Airbnb CEO pledges to focus on experiences

Skift grip

Airbnb’s Brian Chesky may be overestimating how many people will be working from home in the future “glued” to their laptop screens. But the world has changed – that’s for sure – and travel habits have also changed, with a new demand for experiences.

Denis Schaal

Airbnb co-founder and CEO Brian Chesky said travel experts and analysts underestimated the potential of travel and the industry would soon experience a new “golden age of travel”.

Part of the trend, he said, is fueled by the fact that roughly 50% of American workers could potentially work on their laptops from home, and they would commute to get out of the house and seek human connections.

Chesky called it a “dystopian” risk for people to be glued to their screens all day, and they will leave their homes to travel and fight loneliness. And they won’t just travel to places like Las Vegas, Rome and Paris, but will venture to some of the 100,000 cities and markets where Airbnb would try to entice them to travel.

Skift Founder and CEO Rafat Ali interviewed Chesky on stage at Skift Global Forum Wednesday in Manhattan, where the CEO of Airbnb detailed his vision for the new era.

In other news, Chesky claimed that Airbnb’s Experiences business is now back to pre-pandemic levels, and after a two-year hiatus instituted in 2020, it would benefit from a product refresh and new investments over the next two years.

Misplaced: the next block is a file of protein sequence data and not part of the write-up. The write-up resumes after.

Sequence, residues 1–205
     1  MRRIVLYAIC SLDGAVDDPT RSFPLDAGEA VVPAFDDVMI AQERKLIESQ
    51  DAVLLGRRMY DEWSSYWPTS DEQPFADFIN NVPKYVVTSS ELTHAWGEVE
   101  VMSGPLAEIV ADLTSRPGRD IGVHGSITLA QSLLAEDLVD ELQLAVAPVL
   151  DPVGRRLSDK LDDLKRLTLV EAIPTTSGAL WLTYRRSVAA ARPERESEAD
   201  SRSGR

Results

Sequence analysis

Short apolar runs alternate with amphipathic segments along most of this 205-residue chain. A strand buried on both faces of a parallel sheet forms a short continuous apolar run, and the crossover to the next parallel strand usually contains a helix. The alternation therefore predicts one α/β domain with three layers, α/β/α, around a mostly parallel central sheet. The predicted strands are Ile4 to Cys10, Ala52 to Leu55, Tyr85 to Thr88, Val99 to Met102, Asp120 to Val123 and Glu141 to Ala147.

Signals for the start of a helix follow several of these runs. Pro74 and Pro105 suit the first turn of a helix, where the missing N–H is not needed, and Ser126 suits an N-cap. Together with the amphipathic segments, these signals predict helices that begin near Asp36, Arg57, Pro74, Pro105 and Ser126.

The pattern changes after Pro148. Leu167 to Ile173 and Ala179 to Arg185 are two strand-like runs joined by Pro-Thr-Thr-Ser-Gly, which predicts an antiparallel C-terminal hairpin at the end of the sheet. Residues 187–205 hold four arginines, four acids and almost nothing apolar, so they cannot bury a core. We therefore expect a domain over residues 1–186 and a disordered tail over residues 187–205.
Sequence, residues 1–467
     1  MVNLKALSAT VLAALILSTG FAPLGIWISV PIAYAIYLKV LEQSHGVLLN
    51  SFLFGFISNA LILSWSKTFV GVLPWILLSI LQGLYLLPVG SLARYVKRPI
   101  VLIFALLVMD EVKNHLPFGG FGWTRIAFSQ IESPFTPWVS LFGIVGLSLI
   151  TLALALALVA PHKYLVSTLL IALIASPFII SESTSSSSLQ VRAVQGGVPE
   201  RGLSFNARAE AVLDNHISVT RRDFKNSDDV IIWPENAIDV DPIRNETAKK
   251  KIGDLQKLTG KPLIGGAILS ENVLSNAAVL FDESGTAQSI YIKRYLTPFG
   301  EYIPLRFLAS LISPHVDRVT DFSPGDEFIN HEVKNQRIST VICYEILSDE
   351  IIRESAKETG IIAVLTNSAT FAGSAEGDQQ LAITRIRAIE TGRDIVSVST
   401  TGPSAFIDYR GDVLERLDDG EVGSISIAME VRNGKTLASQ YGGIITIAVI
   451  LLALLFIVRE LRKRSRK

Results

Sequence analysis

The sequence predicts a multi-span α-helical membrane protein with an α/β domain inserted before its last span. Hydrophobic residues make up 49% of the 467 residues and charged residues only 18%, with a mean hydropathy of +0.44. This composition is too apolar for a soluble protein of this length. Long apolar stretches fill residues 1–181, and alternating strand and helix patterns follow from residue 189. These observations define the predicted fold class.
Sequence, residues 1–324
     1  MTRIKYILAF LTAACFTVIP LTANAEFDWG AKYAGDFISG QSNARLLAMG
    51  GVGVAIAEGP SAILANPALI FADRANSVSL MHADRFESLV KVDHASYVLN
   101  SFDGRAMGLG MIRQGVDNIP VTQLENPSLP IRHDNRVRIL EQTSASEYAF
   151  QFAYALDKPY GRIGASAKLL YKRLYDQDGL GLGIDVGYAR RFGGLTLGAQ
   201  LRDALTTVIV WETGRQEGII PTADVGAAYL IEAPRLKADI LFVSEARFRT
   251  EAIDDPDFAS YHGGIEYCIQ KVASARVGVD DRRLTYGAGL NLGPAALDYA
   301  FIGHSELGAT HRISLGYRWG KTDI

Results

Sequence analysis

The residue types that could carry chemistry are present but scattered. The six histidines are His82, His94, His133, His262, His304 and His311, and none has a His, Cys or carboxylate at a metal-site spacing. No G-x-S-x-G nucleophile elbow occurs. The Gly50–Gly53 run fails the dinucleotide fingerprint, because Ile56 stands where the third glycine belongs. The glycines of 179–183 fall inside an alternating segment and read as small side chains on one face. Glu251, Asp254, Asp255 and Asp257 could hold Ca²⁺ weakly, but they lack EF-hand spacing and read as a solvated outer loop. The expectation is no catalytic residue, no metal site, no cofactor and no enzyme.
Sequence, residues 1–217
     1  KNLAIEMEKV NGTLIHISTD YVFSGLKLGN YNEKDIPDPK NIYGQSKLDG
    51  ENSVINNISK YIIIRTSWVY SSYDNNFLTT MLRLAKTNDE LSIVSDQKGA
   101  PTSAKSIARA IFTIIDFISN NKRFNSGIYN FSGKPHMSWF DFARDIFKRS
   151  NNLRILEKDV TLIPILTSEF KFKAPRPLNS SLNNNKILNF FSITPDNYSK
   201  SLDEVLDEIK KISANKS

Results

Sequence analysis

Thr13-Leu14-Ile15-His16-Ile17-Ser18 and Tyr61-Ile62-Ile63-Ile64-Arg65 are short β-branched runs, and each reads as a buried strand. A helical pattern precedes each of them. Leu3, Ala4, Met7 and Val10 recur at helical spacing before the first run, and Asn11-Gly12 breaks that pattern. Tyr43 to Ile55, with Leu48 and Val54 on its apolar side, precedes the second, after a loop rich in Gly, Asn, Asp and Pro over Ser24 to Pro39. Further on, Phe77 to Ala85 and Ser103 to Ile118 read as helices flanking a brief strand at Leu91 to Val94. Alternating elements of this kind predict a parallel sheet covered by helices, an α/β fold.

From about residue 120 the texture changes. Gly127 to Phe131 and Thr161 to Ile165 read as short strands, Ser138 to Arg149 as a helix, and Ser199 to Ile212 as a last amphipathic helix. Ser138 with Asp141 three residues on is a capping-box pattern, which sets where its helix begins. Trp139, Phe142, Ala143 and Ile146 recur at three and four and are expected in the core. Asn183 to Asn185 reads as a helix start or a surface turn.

“Experiences will once again become an increasing priority, and we’re making quite a bit of investment in the product to continue to push experiences forward,” Chesky said on an earnings call in early August. “And I think that’s going to be a big part of our story in 2023 and beyond over the next five years. So I’m really excited about them.

However, Chesky told the Skift Global Forum that Airbnb won’t be getting into the transportation and airline booking business. “It’s not going to happen anytime soon,” he said.

One reason is that transportation tends to be a commoditized activity and wouldn’t allow Airbnb to give it differentiation, he said.

On Airbnb’s rebound from the early days of the pandemic, Chesky said cross-border travel is back — except in Asia — and urban travel is strong, though it hasn’t returned and likely won’t return. to pre-pandemic levels.

Although cities may not return to pre-pandemic levels, New York may be an exception, he added.

But in the future, people will live and work in a “distributed” way and go on journeys to seek human connections, he said.

Business travel won’t just be about attending sales meetings, but will be about longer trips and mixed with vacations and life, Chesky said.

Chesky said Airbnb’s new categories for accommodations search are a multi-year effort and will help Airbnb strengthen its role as a place of inspiration for travel to new destinations.

He said Airbnb has found it can take a different approach to marketing than many of its online travel agency rivals. Chesky said the company spent about 20% of its revenue on sales and marketing in the second quarter. Booking Holdings spent more than 50% of its revenue on sales and marketing in the second quarter and has consistently been far more profitable than Airbnb.

Chesky said public relations — generating news stories — is more important to Airbnb than paid search engine marketing. He called this performance marketing a “drug” that’s hard to get rid of once you start using it.

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